“It was originally written as a play. Glen Walford commissioned Willy to write a musical, and he turned up with this one-woman play which has become really embedded in the history of theatre - so no pressure for me! Willy's been really involved in this production, but then the show is his baby. And it's the same with Glen. They're both very proud of it, and I'm very proud to get to hold it - I feel like I'm holding it with my mittens on, protecting it. I think it's so admirable when the people who’ve created these shows stay part of them for so long, and I think that's what keeps them special and keeps the strength in them year after year.”

Decades after the story was written, attitudes to marriage, relationships and women generally have changed a great deal, and Shirley's pre-holiday life spent talking to the walls and cooking egg and chips for an unappreciative husband are probably far less typical today than they once were. Nevertheless, thinks Prenger, she's still as easy to identify with as ever.

“The thing is, when you watch it, she never actually hates Joe. I think they do still love each other, and that's why they've stayed together for so long, even if they don't always say it. They've just started drifting apart, haven't they? I think we've all experienced relationships like that - where someone does things that get on your bloody nerves and sometimes they drive you mad, but deep down you love 'em and you just get on with it. You see echoes of that throughout history - it's just something that goes on and on.”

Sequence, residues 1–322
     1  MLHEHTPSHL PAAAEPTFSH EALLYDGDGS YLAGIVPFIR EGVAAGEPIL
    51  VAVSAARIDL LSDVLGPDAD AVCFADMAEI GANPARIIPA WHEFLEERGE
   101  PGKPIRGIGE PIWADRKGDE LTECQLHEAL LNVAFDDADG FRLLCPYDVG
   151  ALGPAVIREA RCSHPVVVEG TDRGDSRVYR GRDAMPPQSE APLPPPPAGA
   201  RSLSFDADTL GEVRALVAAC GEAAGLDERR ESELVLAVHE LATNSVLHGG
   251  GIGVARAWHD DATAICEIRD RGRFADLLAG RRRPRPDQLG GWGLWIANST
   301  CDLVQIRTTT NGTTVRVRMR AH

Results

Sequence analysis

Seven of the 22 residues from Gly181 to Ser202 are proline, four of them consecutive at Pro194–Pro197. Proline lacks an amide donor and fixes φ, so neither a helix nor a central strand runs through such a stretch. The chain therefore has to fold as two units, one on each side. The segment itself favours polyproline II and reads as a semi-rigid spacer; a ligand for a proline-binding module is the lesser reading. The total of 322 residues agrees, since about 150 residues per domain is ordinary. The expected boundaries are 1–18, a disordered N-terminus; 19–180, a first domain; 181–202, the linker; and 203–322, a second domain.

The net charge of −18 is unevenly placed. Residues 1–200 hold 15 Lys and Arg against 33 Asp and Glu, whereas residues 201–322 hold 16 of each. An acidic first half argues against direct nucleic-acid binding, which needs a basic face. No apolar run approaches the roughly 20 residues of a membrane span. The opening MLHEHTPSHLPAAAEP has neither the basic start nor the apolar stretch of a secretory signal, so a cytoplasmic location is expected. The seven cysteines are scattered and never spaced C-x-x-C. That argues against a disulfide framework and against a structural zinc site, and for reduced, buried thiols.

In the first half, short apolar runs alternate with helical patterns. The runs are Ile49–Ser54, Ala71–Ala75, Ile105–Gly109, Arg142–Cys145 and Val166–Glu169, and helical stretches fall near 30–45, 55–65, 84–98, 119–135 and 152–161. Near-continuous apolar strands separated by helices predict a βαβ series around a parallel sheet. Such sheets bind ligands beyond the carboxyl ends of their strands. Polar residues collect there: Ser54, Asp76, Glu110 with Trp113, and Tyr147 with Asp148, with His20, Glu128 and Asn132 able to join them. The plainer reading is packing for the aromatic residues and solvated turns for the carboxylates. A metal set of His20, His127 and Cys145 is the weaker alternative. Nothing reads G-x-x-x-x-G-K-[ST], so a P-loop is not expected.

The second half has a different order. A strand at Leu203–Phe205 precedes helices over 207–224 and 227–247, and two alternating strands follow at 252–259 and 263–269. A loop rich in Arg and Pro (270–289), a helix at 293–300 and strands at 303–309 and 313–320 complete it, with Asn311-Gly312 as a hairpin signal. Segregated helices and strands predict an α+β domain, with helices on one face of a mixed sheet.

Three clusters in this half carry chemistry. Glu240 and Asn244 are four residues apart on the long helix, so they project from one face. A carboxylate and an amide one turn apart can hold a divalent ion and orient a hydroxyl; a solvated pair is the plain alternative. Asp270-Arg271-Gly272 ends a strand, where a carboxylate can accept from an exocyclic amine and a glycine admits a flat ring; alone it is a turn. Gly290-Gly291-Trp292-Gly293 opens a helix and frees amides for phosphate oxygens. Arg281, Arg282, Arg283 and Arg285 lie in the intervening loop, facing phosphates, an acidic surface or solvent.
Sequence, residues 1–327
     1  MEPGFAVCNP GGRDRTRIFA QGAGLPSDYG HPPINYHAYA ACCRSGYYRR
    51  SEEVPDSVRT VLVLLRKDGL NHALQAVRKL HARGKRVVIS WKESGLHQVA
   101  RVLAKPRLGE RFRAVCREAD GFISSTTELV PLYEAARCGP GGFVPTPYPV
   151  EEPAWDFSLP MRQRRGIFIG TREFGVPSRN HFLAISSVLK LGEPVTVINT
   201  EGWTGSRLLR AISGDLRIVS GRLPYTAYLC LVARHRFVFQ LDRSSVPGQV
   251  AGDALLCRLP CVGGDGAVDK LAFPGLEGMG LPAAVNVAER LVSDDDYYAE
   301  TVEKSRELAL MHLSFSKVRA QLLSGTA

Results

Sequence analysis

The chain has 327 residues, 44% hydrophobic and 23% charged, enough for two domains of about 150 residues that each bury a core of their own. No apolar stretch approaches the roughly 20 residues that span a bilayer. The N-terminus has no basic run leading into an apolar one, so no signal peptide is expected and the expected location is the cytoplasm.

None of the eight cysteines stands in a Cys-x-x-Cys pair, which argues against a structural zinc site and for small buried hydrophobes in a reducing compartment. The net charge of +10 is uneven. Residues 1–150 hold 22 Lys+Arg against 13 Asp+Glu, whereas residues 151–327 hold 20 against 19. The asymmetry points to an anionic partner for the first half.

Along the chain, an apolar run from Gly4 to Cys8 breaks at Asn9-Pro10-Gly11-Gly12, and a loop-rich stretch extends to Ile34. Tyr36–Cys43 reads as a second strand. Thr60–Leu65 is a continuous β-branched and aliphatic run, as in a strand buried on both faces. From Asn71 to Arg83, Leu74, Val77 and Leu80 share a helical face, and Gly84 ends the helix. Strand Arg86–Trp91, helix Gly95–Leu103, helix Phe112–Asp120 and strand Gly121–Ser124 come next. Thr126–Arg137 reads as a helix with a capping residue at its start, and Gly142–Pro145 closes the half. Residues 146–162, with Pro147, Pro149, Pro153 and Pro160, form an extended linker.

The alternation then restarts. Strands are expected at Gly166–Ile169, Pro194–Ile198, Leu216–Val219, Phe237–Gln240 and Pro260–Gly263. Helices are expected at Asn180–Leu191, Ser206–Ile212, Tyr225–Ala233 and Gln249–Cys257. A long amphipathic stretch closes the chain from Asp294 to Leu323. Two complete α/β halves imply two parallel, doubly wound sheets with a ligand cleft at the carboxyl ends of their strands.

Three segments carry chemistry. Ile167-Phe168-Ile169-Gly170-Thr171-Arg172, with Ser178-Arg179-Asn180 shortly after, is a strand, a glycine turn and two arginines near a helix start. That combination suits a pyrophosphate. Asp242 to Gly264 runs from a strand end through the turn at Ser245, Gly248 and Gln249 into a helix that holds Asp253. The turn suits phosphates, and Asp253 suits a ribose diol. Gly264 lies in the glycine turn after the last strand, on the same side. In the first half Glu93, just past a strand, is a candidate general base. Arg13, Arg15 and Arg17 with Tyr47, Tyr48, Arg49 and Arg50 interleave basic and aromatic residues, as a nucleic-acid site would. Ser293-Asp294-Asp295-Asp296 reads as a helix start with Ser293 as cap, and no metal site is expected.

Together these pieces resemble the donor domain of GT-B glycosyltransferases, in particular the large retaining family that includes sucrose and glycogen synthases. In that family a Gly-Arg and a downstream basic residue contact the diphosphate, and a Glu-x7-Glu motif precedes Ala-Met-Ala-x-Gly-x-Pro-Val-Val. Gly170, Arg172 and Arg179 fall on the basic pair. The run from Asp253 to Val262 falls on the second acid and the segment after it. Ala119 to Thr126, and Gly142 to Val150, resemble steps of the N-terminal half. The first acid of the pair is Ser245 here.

And it's not just relationships either; there are plenty of other ways of getting stuck in a rut. Anyone who's ever found themselves in any sort of dead-end situation, whether in love or simply in an unsatisfying job, will be able to understand Shirley's gnawing frustrations and desire for an escape. Not wanting to return from a favourite holiday is probably also something that most of us can identify with.

“I think we've also all had jobs where we go in nine-to-five and we'd all much rather be sat on the beach drinking wine by the sea. I remember when we went to the Maldives - we were on a private island, which was lovely, and it was definitely hard to drag me back then. So I think there's a bit of Shirley Valentine in every single person out there. Or at least I hope there is, because she's just glorious, she really is.”

As well as starring in Tell Me On A Sunday, Spamalot and Calamity Jane at the New Alex, Prenger also recently appeared as Fairy Bow Bells in Birmingham Hippodrome's Christmas panto, Dick Whittington. And she's looking forward to returning to the city. Coming back to a familiar place with a few friendly faces to call on helps break up the loneliness of touring solo.

“I always love going to Birmingham - the shopping's great and it's got a real kind of buzz about it, which is always nice, especially when you're going somewhere on your own. I've done quite a lot of shows in the city, and it was lovely to hear the reaction about Shirley Valentine while I was doing the panto at the Hippodrome over Christmas. And it'll be nice to meet up with some people I know there because I do sometimes get lonely doing a one-woman show, so I'm more than grateful to anyone who pops over for a chat.” 

Shirley Valentine shows at the New Alexandra Theatre, Birmingham, Mon 6 - Sat 11 March; Belgrade Theatre, Coventry, Tues 6 - Sat 10 June; Theatre Severn, Shrewsbury, Mon 10 - Sat 15 July